Thursday, December 31, 2009

2009 in Review, Part Two

[Part One of 2009 in Review can be found here, and Part 1.5 can be found here.]

It's been a very interesting year in science and technology. Of course, just about any year is these days. So much is happening, and in so many fields, that it's literally impossible for one person to keep up with it all. My list will be slanted by my own prejudices and interests. If you feel that I have omitted anything important, please feel free to add to the list in the comments below. Also, this list is in no particular order of importance. I'm not sure I'm qualified to assign that kind of importance, anyway.

The Limits of Peer Review: Peer review is an important part of the modern scientific method. When done right, it enforces logical rigor and correct methodology. It can expose important errors before they reach print. And it can keep a scientist from the embarrassment of stating something in public that turns out to be complete nonsense. But, like any other human institution, it's not perfect. Once a view, any view, has achieved "consensus" status, it's very expensive to a scientist's reputation to hold a contrary opinion. Peer review can then become institutionalized group-think. This is when the role of the contrarian can become most important. The health of science itself depends upon the professional heretic. We need to periodically review the things we believe to be true. We need to re-examine assumptions that may have heretofore been unquestioned. This needs to be done not once but continually, so that new evidence can be inspected and interpreted. My main point here is that a consensus isn't a destination, it's a temporary way-point. The fact that you have one doesn't mean that you can stop asking questions.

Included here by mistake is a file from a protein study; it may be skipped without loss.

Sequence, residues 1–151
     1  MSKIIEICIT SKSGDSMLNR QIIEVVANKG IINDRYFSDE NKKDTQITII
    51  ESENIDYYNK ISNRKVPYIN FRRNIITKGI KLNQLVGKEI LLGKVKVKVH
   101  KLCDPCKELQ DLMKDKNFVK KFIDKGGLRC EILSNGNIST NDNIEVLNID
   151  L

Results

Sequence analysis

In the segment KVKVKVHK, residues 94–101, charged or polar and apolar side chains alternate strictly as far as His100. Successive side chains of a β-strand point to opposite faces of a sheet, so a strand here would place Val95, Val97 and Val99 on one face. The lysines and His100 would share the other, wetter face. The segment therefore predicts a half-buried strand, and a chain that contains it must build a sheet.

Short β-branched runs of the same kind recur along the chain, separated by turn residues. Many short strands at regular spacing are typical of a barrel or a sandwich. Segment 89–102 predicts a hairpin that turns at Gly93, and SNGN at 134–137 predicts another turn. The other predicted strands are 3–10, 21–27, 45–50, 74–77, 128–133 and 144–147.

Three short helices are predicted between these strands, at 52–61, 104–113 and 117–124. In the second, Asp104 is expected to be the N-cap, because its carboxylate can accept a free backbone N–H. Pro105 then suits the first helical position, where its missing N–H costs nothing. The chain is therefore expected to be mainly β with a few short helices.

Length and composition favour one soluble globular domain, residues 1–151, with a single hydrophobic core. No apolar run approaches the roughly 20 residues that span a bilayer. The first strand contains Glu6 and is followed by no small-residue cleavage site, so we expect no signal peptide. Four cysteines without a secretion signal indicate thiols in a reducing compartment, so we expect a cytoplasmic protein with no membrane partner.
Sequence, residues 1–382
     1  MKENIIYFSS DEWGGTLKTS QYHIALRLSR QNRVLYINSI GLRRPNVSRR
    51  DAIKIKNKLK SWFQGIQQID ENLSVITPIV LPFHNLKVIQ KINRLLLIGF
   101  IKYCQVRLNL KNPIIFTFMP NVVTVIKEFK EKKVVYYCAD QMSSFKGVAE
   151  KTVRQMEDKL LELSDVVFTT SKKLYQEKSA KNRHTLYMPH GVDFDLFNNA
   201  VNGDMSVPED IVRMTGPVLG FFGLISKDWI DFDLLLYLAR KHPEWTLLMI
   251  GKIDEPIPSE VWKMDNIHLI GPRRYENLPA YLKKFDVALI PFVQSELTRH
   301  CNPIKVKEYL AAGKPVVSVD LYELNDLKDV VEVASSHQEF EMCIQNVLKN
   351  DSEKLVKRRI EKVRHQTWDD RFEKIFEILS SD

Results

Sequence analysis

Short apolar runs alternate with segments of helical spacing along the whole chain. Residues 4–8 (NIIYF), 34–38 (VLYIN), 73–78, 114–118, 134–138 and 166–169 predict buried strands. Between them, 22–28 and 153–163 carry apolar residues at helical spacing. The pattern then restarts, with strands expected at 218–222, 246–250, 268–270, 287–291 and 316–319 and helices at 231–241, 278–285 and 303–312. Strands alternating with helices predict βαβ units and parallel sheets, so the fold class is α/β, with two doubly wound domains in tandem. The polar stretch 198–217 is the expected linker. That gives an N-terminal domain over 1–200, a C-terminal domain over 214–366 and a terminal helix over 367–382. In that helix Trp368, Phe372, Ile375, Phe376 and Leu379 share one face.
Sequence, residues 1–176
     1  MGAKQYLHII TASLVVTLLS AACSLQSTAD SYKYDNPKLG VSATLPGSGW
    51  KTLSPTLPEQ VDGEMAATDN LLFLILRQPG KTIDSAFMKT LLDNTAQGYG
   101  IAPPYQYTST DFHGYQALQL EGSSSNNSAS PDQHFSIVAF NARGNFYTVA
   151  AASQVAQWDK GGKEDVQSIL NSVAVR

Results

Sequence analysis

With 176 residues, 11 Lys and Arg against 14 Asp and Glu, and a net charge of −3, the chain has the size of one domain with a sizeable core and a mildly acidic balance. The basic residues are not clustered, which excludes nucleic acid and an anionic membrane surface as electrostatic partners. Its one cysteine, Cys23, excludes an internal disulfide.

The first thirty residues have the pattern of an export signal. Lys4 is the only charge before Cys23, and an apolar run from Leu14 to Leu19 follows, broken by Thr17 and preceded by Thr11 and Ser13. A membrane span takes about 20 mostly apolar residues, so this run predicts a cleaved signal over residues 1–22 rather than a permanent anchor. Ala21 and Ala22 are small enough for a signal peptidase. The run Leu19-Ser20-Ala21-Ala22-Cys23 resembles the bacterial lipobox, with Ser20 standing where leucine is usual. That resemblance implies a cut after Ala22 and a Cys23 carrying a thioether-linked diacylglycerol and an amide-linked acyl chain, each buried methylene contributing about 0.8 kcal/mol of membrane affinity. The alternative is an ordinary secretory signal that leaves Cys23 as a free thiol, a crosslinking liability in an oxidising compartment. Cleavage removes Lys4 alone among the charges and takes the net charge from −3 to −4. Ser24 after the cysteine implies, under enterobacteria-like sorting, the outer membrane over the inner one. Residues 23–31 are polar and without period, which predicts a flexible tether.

Polywell Marches On: There's not a whole lot being said in public, but the Polywell experiments in inertial electrostatic confinement continue apace. We will probably know in about a year if the effort is bearing fruit. We probably won't see any public announcements ... the thing to watch will be continuing contract awards. If the Navy keeps throwing money at it, they're probably making progress. I will be watching with keen interest. Fusion power plants are a transformational game-changer where energy policy is concerned. Hydrogen, being the most abundant element in the known Universe, is something we're quite unlikely to run out of anytime soon.

Fuel Cell Airplanes: Which is all well and good, since it is possible at least in principle to convert all of our ground-based transportation to electrically-powered vehicles. There's a big segment of our economy that does not address, though. What do you do about aviation? Can you come up with an electrical system that's small enough yet powerful enough to drive an airplane? The answer would appear to be yes, you can. This should not be a terribly astonishing development. After all, back in the late 1960s and early 1970s the Gemini and Apollo series of manned spacecraft derived all of their electrical power from fuel cells. It was just a matter of boosting the power-to-weight ratios enough to make them practical airplane powerplants. This provides an avenue for replacing all prop-driven engines with fuel-cell equivalents, eventually.